There were many moments I marvelled at the fact that Carol went along with me on the adventure. It was a less than lucrative path but she stayed the course---as did I. There was the music---the songs---my mission to find them and put 'em into a setting that showed how much I loved the tales they told. The luck to happen upon them was almost an accident except for me simply knowing what I liked---knowing what I thought real folk music was and is---and then going after that brass ring. The road life was perfect when in my 20s (in the 60s) and well into the 80s. In '67 Carol and I took off and "retired first" on a small inheritance---for 3 years---singing all the way---but what the hell, gasoline was .30 a gallon then. We started a little FOLK ART SHOP in Depoe Bay, Oregon--on the coast. Went broke and returned to Chicago and Chris was born in '70. By then I'd been playing at the No Exit coffeehouse ten years off and on. (Five sets a night for $10.00) Did the mesmerizing Chicago night life folkie scene---festivals--schools in the winter and, in the 80s, Larry Rand and I hosted a weekly live national radio show for NPR 'cause the producing station, mistakenly, thought Garrison Keilor's show was a FOLK show and we were gonna help them make a million bucks. We rode that tornado until it ran out of hot air. Then, because of John Hartford and another accident or luck or whatever, I got gigs on steamboats on the Mississippi River that lasted another ten years. The Urban Gatways agency school gigs dovetailed beautifully with the 5 months a year I was on the river. Off days I did festivals, house concerts, bigger concerts and whatever---all trying to stay fairly close to Peru, Illinois where we lived then mainly because the Chicago schools were absolutely the pits and, also, 'cause Carol was ill by then. By the 80s I was going down hill physically myself and had a bunch or spinal surgeries to CURE the problems. (Those didn't help.) I got pretty depressed about then as picking was getting real hard to do -- and finally Mayo Clinic told me I'd had MS for 15 years (which I talked about too much in 50 other threads already. Our son is 31 now, has a college degree, and working with computers and trying to find time to write while married to the lovely Shannon. Those two have given Carol and I the most fantastic granddaughter ever produced --- Chloe Moon.

Sure, I'm disabled now and Carol is too. My making music is a past endeavor. We are gladder than ever that we "retired first"--when we both had the energy to climb the mountains. We're broke but there's music and books and Mudcat and FRIENDS and a glorious panorama parading before our eyes every moment of every day we are lucky enough to awaken and open those.

There was a King Of The Beatniks 40 years ago in Chicago. Bill Smith was his name and he defined "BEATNIK as being anyone who was satisfied with the cheap seats at the concert. You got to hear alll the music without all the hassle of conforming to all the monkey business and B.S. The practice we got "making a living from folk music" makes us truly thankful for the strange and rather beat life we lead these days. Carol and I have never had less or enjoyed it more. These days I try to live by the adage, "MAKE THE MOST OF ALL THAT COMES, AND THE LEAST OF ALL THAT GOES !!"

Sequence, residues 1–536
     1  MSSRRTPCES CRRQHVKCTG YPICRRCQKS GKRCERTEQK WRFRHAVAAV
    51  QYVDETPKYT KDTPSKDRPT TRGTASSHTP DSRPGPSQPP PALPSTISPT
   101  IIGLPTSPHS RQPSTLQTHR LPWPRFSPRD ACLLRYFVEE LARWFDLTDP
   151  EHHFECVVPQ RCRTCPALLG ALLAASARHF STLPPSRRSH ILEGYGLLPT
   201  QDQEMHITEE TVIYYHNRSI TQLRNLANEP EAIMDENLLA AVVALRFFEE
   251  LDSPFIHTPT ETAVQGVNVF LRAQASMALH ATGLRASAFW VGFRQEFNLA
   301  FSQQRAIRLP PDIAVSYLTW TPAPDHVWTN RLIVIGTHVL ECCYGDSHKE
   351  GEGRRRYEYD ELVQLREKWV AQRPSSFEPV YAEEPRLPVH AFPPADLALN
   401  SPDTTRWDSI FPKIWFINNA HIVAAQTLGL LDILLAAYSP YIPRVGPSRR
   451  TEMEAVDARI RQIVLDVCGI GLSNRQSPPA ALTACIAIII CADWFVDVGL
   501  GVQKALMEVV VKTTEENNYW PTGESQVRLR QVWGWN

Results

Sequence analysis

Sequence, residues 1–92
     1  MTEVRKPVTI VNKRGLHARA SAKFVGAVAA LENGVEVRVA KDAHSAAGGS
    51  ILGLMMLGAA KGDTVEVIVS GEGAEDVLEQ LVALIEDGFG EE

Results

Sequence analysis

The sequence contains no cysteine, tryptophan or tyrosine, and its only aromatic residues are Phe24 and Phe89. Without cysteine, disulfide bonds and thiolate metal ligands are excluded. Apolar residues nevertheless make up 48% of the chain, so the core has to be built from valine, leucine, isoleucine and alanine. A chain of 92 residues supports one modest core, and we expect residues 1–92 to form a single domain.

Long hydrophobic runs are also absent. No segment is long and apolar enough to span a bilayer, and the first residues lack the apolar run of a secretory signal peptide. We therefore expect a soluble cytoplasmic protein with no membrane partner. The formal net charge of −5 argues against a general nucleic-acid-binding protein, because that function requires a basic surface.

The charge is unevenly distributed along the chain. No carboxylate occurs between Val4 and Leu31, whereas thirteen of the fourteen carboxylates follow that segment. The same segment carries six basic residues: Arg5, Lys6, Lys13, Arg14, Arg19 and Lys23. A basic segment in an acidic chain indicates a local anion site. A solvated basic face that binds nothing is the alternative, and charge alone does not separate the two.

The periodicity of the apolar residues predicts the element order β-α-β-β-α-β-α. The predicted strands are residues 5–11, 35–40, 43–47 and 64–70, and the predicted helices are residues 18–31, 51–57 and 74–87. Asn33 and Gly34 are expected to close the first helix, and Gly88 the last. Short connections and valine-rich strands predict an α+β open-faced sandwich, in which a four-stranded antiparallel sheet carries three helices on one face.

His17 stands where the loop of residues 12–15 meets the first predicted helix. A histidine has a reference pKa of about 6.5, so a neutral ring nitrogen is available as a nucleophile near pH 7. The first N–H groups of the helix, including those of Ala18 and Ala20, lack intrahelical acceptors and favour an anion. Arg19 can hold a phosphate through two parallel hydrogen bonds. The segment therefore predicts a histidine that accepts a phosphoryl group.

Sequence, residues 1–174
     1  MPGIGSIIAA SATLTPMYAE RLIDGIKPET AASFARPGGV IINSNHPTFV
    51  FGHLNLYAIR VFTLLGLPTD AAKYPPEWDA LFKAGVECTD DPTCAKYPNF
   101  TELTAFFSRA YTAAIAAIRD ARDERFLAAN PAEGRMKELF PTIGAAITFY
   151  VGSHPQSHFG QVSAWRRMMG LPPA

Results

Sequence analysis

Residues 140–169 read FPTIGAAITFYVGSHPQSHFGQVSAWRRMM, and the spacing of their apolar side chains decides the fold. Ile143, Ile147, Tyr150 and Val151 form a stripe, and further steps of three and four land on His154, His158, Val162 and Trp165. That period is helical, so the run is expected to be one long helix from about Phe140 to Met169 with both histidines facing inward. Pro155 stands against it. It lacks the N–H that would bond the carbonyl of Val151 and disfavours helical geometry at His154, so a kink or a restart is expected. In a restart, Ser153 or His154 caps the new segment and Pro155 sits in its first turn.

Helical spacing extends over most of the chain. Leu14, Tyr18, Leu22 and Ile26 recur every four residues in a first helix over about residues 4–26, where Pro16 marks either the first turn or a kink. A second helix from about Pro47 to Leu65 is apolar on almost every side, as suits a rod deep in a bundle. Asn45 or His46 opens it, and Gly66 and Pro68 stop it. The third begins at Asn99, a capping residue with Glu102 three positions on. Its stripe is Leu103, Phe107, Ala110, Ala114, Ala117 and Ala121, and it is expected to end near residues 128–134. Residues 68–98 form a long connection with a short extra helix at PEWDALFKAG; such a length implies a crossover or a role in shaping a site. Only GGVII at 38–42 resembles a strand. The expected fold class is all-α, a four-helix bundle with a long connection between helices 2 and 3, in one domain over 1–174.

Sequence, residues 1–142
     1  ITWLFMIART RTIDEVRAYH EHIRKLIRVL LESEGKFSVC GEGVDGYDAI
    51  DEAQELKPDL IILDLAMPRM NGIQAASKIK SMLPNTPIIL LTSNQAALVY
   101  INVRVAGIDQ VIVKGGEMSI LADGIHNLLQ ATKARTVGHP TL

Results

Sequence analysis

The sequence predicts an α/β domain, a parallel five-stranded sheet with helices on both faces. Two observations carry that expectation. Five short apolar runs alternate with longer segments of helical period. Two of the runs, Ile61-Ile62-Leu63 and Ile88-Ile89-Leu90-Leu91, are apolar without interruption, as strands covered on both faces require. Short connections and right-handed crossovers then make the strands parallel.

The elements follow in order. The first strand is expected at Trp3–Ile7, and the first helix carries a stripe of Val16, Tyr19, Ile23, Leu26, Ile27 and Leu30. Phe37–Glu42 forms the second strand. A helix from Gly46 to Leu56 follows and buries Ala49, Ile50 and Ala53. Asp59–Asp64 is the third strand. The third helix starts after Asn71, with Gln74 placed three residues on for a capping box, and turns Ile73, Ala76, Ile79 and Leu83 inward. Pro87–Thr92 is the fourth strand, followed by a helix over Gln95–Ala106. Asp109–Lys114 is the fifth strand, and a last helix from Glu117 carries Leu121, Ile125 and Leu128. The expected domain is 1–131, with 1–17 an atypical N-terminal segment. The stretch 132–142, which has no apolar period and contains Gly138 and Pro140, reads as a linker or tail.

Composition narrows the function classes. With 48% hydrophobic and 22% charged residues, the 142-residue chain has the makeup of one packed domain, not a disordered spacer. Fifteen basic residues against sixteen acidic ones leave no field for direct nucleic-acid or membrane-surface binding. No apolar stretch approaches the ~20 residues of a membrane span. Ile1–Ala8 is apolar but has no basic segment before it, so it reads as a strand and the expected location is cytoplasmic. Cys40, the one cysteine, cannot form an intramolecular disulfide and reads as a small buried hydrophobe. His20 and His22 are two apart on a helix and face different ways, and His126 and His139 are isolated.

So, what's to regret???

Art Thieme


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Subject: RE: Musical Career Regrets?
From: Deckman
Date: 04 Apr 02 - 01:42 AM

Well said Art! My hat's off to you ... and most of my hair too. CHEERS, Bob


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Subject: RE: Musical Career Regrets?
From: Deckman
Date: 04 Apr 02 - 02:20 AM

Mooh ... I'm not sure if you were addressing the question to me, but I'll attempt to answer it. Am I doing anything to change it? You bet! I'm still very active in my business life, as a deck builder. This consumes most of my waking/working hours. But the last few years, I'm finding that I'm enjoying my music more and more. I'm VERY selective on where and when I choose to play. By far, the most enjoyable for me, and bride Judy, are the occasional home hoots we have. I do venture out occasionally for a gig or two. But lately, with the encouragement of a very close friend who makes his living on stage as a folk performer, I'm thinking of making a CD. This will be strictly for family and friends, but I want to do it. I already have the title ready ... "SONGS I SING AFTER DARK." As I'm starting to think about slowing down my business life, I'm also finding that I'm occasionally preoccupied by the songs I've almost forgotten, or never learned, or always wanted to perfect. So, I hope that adds to the conversation. CHEERS, Bob


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Subject: RE: Musical Career Regrets?
From: Cappuccino
Date: 04 Apr 02 - 02:50 AM

"It's never too late to start doing more".

Celtic Soul, I do rather like that.

- Ian B


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Subject: RE: Musical Career Regrets?
From: mooman
Date: 04 Apr 02 - 03:21 AM

My greatest musical career regret was that my first real love ran off with one of the guitarists out of Genesis...I should have practised a lot more in my teens I guess!

Other than that, no regrets, although I still haven't got round to cutting that CD I've been planning. Have to do that before the end of this year (I have witnesses now so you must hold me to it!).

All the best,

mooman


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Subject: RE: Musical Career Regrets?
From: Bert
Date: 04 Apr 02 - 03:38 AM

In the words of two songs "Je ne regrette rien"